Watching birds is tremendously popular, especially in the USA and Europe, but also worldwide. The published literature on birds is impressive, with scientific research increasing, including through bird-ringing programmes and population surveys. BirdLife’s World Bird Database manages extensive information on threatened bird species and Important Bird Areas.
Watching birds is tremendously popular. For example, c.46 million people in the United States (around one in five) spend time observing and identifying birds (USFWS 2003), and 20 million people (around one in three) in the United Kingdom are birdwatchers or regularly feed birds in their gardens (www.fatbirder.com). In 2001, the month-long World Bird Festival organised by the BirdLife Partnership attracted well over 300,000 people to more than 1,450 birding and cultural events in 88 different countries across the world, with three million bird sightings being logged in Europe alone.
Scientific research on birds is intensive, and increasing. Between 1981 and 2002, there were 13,123 articles in mainstream academic journals with the word ‘bird’ in the title or abstract, c.600 a year on average—in 2003, there were 1,411 (‘Web of science’ keyword search)! Many birdwatchers are skilled observers, and able to contribute high quality data. Information on breeding and non-breeding bird distribution, migration, ecology and behaviour is collected from all over the world, through the hard work of thousands of individuals and organisations. For example, The Atlas of Southern African Birds involved 7.3 million records collected by 5,000 observers (Harrison et al. 1997). In many countries, data on migration and longevity are gathered through extensive bird-ringing programmes. In the UK alone over 900,000 birds are ringed each year (www.bto.org). Population surveys such as the Breeding Bird Survey (BBS) of North America provide up-to-date information on bird populations and trends: over 5,000 routes are surveyed annually, each with 50 counts (Sauer et al. 2011).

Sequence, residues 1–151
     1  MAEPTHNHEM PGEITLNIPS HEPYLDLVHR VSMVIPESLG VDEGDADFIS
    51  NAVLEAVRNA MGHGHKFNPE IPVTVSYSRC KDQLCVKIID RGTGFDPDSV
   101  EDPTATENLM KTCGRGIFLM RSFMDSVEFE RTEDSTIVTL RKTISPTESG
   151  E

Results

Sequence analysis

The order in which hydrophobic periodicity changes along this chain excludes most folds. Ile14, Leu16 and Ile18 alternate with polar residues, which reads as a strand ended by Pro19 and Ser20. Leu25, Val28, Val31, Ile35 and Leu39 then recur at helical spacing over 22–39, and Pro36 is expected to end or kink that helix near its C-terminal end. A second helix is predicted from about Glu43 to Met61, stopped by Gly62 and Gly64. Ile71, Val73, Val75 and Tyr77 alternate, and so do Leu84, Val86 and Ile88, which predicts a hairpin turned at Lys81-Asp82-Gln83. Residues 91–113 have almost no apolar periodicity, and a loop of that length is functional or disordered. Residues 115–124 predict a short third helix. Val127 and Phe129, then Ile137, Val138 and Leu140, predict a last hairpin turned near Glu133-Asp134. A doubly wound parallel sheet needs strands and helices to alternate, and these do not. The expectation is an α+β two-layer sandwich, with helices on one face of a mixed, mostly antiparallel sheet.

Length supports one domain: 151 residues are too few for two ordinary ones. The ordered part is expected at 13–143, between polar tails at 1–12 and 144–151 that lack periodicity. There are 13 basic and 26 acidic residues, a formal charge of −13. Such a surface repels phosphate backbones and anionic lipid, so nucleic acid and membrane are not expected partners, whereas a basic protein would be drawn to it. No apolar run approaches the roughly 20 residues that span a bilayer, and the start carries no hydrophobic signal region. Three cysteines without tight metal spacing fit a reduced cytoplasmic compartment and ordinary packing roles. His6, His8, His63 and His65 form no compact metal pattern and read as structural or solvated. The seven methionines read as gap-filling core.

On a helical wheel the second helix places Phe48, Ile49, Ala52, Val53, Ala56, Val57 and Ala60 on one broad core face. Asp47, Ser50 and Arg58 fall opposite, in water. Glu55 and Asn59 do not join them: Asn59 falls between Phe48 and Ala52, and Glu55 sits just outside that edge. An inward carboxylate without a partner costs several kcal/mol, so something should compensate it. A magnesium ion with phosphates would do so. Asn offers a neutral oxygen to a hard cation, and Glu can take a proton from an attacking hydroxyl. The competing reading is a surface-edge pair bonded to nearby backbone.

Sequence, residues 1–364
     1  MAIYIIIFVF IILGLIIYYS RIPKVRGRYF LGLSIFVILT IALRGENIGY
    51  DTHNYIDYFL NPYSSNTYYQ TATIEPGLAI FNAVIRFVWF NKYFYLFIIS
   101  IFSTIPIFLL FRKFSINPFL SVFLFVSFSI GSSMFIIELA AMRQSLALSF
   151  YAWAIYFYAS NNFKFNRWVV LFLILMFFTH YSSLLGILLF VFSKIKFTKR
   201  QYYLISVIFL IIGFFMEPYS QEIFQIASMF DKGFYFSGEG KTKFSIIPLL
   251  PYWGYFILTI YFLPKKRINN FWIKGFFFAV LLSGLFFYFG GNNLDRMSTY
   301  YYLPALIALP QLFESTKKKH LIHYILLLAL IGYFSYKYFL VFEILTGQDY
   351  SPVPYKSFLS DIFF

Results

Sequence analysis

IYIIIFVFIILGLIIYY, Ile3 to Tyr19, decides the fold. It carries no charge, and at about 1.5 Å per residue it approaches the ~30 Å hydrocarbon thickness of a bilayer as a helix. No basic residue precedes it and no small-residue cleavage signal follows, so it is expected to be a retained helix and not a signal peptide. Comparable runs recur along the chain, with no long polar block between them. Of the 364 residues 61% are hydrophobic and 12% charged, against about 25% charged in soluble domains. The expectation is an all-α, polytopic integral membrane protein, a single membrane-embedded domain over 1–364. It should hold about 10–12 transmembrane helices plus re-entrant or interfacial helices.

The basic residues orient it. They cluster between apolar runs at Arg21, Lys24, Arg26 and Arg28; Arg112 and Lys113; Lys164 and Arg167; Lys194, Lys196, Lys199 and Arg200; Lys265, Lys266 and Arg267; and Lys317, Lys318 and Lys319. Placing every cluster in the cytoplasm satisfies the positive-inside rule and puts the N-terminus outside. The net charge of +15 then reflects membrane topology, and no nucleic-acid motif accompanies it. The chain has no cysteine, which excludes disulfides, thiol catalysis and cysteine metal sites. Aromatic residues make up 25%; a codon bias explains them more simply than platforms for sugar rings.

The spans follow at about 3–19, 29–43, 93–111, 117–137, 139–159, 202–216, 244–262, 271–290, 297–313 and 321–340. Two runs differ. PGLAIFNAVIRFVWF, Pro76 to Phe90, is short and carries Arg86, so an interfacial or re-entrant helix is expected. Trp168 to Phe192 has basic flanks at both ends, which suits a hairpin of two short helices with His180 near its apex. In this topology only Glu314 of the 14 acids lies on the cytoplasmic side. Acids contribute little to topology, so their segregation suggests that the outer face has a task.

Popular interest in birds is reflected in the sheer volume of articles, field guides and other books that have been published about them. In 2004, the largest natural history book distributor was marketing 3.5 times more books about birds than about mammals. There are guides to bird identification covering the entire globe, with individual guides produced for the majority of countries, and many others that focus on particular groups of birds. A literature survey of the birdlife of Australasia and Oceania alone reveals over 4,600 books and reports (Simpson 1995).
This huge array of information is also being brought together in a meaningful way for conservation. Since 1980, BirdLife International (and its precursor the International Council for Bird Preservation) has published Red Data Books, presenting comprehensive information on all globally threatened bird species. The latest in this series, Threatened Birds of Asia, cites over 7,000 references. BirdLife’s World Bird Database (WBDB), initiated in 1994, manages extensive information on some 10,000 species (including 1,253 threatened bird species), over 10,000 Important Bird Areas (IBAs) and 218 Endemic Bird Areas (EBAs).
Compiled: 2004 Last updated: 2012
BirdLife International (2012) Birds have huge popular appeal, and the amount of information about them is impressive. Downloaded from http://www.birdlife.org on 25/09/2018